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“We can use virtual simulations as a preclinical activity. If I know my students are going to a neuro ICU, or maybe in advance of going, (I would) perhaps not (be) assigning a didactic chapter from their very large med surg(ical) book, but rather have them complete particular virtual sims in advance of the pre-simulation activity,” Gonzalez said.

According to Gonzalez, this is an ideal alternative because virtual clinical simulation allows both practicing nurses and nursing students to sharpen their communication, collaboration and leadership skills. In addition, virtual simulation can be used as a checkpoint to gauge the pulse of a learner, which is a very viable resource because of potential objectivity. Proving the effectiveness of VR learning, the NCSBN worked to put together a landmark study that demonstrated that up to 50% of clinical time could be replaced with simulation without adverse effects.

“I think we have just begun to see the evolution of virtual simulation. I also think we’re going to see a lot more of it in our curricula as curricular replacements continue,” Gonzalez concluded. “I don’t think we should think of a virtual simulation as something we did during the pandemic, that we don’t need to do anymore. It is more than that. It has a place in our curriculum, and I think we need to be thinking in those terms.”

Putting virtual simulation into practice, Sentinel U is an e-learning company that works to meet the evolving needs of healthcare education and training by providing simulation-based technologies and virtual learning tools. Founded in 2013, Sentinel U helps advance nursing academic education and healthcare professional training through virtual clinicals that are engaging, effective and economic. Aligning outcomes with AACN BSN Essentials, QSEN Competencies and NCLEX categories, Sentinel U provides nursing learners and practicing nurses with online simulations that are convenient to safely practice healthcare and patient scenarios anywhere, at any time, while earning virtual clinical hours.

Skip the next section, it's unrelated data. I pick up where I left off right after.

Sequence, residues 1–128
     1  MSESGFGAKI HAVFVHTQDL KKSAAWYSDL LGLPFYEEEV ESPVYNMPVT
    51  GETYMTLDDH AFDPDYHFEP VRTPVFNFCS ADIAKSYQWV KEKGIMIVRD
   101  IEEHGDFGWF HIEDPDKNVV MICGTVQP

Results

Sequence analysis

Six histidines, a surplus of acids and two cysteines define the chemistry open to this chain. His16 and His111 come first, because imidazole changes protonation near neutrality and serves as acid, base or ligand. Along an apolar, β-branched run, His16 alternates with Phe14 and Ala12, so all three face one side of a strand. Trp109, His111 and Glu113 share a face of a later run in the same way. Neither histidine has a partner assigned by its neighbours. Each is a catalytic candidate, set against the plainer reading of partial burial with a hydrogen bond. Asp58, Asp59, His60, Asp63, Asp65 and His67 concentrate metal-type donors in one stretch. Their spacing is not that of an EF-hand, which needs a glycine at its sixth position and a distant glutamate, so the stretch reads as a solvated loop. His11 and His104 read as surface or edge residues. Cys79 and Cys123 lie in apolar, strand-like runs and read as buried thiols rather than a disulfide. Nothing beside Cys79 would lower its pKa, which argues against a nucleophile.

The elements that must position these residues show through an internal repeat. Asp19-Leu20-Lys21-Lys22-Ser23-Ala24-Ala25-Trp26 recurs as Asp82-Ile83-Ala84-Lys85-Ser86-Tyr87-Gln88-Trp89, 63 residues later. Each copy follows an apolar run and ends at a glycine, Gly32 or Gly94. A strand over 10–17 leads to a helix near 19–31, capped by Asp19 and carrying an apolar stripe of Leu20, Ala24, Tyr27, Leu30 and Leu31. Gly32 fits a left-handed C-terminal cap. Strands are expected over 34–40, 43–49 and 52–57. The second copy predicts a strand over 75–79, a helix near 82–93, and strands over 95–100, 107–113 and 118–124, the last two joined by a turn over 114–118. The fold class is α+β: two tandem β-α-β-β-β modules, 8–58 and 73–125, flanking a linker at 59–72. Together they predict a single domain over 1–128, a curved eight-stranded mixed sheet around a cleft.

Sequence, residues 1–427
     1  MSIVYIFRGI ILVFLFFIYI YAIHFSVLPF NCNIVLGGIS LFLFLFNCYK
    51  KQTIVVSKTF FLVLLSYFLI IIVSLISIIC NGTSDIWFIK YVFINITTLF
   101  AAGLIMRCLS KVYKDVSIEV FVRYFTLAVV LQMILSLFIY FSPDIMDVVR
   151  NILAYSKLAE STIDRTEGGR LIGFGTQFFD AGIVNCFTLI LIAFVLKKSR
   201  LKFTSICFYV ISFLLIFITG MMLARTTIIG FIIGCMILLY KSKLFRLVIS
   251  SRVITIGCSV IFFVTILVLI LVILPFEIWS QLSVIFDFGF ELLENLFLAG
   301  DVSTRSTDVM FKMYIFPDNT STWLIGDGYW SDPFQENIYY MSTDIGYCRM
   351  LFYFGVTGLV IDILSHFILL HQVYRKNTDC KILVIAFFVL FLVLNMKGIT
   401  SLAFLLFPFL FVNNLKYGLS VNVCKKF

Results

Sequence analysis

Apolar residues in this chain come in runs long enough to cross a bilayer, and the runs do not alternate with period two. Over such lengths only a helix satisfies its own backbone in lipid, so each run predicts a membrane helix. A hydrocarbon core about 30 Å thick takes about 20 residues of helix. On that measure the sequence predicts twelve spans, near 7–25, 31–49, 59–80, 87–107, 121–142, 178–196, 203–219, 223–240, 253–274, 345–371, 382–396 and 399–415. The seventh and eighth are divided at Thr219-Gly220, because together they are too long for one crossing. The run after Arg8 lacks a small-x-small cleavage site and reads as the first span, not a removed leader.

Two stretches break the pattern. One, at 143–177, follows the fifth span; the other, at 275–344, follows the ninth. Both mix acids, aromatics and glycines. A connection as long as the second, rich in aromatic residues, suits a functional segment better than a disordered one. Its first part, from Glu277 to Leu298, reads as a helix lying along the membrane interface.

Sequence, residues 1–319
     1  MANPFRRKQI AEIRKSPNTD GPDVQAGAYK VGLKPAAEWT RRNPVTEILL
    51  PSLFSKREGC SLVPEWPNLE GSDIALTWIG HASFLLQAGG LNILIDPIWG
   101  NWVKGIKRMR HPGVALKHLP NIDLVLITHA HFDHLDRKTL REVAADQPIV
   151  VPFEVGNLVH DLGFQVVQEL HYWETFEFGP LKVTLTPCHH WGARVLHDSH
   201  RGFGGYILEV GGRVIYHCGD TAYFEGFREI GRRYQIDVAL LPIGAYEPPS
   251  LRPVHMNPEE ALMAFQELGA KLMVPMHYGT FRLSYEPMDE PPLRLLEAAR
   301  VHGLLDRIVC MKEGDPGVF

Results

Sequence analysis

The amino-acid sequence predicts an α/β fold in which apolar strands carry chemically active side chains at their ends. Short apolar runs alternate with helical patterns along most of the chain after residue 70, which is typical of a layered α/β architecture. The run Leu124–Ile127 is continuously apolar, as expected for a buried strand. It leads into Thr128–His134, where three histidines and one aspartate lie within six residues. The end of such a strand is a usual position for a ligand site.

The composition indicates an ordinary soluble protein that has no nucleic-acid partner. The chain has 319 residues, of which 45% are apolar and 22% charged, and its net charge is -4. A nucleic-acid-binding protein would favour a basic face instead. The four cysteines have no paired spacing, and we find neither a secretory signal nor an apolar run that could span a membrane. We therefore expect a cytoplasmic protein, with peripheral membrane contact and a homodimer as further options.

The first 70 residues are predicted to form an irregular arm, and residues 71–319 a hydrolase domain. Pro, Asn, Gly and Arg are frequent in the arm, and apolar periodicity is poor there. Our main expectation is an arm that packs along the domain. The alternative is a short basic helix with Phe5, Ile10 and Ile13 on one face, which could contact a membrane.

More About Dr. Laura Gonzalez

Dr. Gonzalez is an internationally recognized simulation expert. She is one of 76 advanced certified healthcare simulation educators (CHSE-A) globally. In the fall of 2020, she was recognized by the prestigious American Academy of Nurses as a Fellow (FAAN). She is the 2021 President-Elect for INACSL. She is also a fellow of the Academy of Nurse Educators (ANEF).

Her professional nursing and academic career is focused on advancing the science of nursing education through the use of simulation and its impact on learner outcomes. She has a very specific body of work that has resulted in over 20 data-based manuscripts in peer-reviewed journals, and one clinical skills textbook. She was Co-PI on a large interprofessional grant through the National Science Foundation (NSF). Her team was able to demonstrate that learners were more engaged and had a higher sense of urgency when interacting with an augmented virtual reality simulator.

Her article on deliberate practice reached a readership milestone. She is one of several scientists to have two patents: on Detecting Sterile Field Events and Related Methods and Virtual Patients. Lastly, she is a nurse educator with vast experience teaching across the curriculum to include live, hybrid, online and synchronous delivery methods.